Mori Kei (森系), also known originally as Mori Girl (森ガール) is a Japanese fashion that centers around an appearance inspired by living in the woods.
In 2006, a community called "Mori Girl" was created on the Japanese social network mixi. The name was chosen by its manager, Choco, after a friend commented one of her outfits stating "You look like you are in the forest."
The “Mori Girl” mixi community reached 35,000 people in 2009, and it caused a big boom that led to the creation of multiple mori kei magazines and brands such as Mori Girl Lesson magazines, Choco's Mori Girl Book, and the popular mori brand Wonder Rocket. The style also saw considerable popularity overseas, where the name Mori Kei began to be used, leading to the creation of various communities on social media and livejournal. However, in Japan the style began to decline in the early 2010s, and magazines and brands declined with the end of its popularity.
As of 2019, the online mixi group about the origin of mori kei has been deleted, and the brand that has been worn at the highest of its popularity, "Wonder Rocket," also closed its Harajuku store in 2017.
The heyday of the fashion might have passed, but since there still is certain number of enthusiasts, the genre of mori kei itself has not disappeared. There are still brands catering to mori kei even though the design has changed to suit the present, as well as a still existing international online community.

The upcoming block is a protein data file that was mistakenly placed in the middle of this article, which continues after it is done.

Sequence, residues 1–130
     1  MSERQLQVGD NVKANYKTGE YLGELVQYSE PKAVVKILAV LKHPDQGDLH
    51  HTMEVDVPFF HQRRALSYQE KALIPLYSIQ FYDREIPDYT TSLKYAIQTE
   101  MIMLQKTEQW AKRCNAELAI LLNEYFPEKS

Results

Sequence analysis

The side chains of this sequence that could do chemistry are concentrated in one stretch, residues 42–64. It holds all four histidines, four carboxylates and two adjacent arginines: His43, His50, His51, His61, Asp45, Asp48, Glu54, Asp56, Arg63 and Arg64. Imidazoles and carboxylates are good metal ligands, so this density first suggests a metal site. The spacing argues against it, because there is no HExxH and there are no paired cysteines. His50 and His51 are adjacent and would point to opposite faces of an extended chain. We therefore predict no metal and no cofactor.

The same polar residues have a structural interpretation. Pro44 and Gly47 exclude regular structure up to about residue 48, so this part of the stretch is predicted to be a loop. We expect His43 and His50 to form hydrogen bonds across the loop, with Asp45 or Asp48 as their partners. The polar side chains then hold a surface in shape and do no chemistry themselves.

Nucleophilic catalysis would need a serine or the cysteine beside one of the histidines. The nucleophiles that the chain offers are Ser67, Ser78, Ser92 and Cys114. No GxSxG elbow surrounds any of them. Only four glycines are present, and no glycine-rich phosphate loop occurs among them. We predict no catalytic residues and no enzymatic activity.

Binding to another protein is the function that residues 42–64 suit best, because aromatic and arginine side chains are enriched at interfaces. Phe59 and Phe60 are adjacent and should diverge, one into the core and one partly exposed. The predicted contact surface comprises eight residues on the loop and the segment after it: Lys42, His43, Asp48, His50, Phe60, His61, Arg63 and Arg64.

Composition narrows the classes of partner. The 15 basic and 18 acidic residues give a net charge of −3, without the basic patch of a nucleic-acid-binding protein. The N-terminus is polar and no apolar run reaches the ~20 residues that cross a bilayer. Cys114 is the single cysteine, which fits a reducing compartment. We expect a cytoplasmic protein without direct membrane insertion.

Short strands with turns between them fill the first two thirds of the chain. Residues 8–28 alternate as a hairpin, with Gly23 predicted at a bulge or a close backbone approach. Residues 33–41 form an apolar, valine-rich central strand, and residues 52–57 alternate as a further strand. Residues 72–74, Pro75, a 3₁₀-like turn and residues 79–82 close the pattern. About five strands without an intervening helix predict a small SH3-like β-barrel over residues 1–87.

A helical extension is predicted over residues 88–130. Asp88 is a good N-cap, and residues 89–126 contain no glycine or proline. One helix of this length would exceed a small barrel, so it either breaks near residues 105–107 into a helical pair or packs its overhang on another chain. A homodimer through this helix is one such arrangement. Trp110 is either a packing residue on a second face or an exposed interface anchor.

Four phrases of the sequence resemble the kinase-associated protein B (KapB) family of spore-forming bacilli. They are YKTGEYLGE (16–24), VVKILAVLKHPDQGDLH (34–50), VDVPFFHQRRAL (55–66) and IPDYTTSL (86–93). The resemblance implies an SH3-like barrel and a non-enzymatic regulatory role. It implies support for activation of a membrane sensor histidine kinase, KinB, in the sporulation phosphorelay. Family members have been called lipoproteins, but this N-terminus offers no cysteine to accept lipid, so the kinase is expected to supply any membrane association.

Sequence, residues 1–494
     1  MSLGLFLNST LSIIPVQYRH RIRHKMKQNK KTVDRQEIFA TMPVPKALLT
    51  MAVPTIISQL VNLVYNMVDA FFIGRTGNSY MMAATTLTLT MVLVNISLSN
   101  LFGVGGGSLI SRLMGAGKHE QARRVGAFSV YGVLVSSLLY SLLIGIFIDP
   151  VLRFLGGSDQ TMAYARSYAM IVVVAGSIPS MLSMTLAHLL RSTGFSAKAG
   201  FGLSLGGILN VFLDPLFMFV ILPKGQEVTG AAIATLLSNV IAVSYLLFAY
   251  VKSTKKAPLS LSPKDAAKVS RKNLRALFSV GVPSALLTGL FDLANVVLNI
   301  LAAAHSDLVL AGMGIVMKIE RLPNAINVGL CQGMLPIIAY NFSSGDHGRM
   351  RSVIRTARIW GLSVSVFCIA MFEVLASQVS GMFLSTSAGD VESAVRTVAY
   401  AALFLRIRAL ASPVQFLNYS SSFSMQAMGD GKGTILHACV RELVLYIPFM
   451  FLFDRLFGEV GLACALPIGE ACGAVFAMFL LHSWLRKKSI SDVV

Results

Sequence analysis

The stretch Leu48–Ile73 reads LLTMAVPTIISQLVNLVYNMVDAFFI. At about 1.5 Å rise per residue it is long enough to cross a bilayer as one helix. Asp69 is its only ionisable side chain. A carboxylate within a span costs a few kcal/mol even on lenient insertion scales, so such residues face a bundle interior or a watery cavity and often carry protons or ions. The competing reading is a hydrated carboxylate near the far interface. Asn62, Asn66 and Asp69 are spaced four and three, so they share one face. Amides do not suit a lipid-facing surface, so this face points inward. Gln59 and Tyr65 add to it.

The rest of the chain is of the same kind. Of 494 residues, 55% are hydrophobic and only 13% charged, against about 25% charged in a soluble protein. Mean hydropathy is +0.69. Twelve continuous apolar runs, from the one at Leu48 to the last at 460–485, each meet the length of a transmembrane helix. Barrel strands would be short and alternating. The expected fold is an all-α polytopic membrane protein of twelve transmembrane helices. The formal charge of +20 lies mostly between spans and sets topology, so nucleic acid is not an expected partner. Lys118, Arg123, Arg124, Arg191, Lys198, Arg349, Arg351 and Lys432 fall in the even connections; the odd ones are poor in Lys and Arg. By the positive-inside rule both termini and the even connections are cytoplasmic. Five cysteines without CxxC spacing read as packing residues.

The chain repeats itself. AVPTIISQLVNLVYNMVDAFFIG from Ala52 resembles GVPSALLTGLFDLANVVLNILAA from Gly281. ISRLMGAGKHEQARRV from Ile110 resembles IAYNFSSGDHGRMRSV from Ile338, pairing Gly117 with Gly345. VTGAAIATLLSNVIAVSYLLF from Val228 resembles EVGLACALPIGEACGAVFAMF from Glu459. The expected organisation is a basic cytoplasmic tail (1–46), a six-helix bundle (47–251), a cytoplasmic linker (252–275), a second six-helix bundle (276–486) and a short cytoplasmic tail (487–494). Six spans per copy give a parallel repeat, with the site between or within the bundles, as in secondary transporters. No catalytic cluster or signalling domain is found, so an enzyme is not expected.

This style has undergone many changes and trends since the height of its popularity, but the basic appearance still remains the same. It combines clothing that appears natural, girly, layered, and loose. In general, the main staple of mori fashion are its many loose layers that hide the the body shape, and the term "yurufuwa" (ゆるふわ) is often used to describe it's fluffy appearance.
Clothes with embroidery, various kinds of lace, and light materials are preferred and for layering, cardigans, vests, and knit scarves and shawls are often used in the style. Besides its most known off-white color schemes, earth tones and other natural tones, such as navy blue, khaki, beige and brown, are used. Floral colors such as light pinks and blues are also sometimes used. Popular accessories include lace-up leather boots, tights, and baskets.
The hair and make-up matches the outfits in that they appear natural. The popular eye shadow options are beige, gold and pink, in minimal styles. The blush is often highly placed and round. The eyebrows are thick and natural.
Websites & Stores
- Baking and cooking
- Collecting acorns & pine cones
- Drying leaves & flowers
- Going for a walk
- Going thrift shopping
- Having hot drinks, such as apple cider or hot chocolate
- Horseback riding
- Making dried fruit
- Reading fairy tales
- Visiting a library
- Writing letters
- Anything by Studio Ghibli
- The Secrete of NIMH
- Children who Chase Lost Voices
- The Secret Garden
- Grimms Fairytales
- Howl's Moving Castle
- The Secret Garden
- Tales from Hans Christian Andersen
- Anne of Green Gables
- The Borrowers
- Peter Pan
- Redwall (Series)
- Beatrix Potter
- Dianna Wynne Jones
Anime and Manga
- Is the Order a Rabbit
- Mary and the Witch's Flower
- The Ancient Magus' Bride
- Fruit's Basket
Dark Mori Kei
Dark Mori Kei takes the standard Mori Kei aesthetic, but gives it a dark, witchy/gothic twist, incorporating darker clothing into the look compared to the usually more light-hearted Mori Kei. The style was created by the international community and later evolved into Strega. However, the style has gained a considerable popularity amongst the international community and is widely known.
A number of similar styles with their own histories are often considered somewhat sub-styles to mori fashion. These include Yama Kei, a fashion centered around hiking and mountains instead of the forest, and mori boy, a term used to describe a masculine version of mori kei fashion.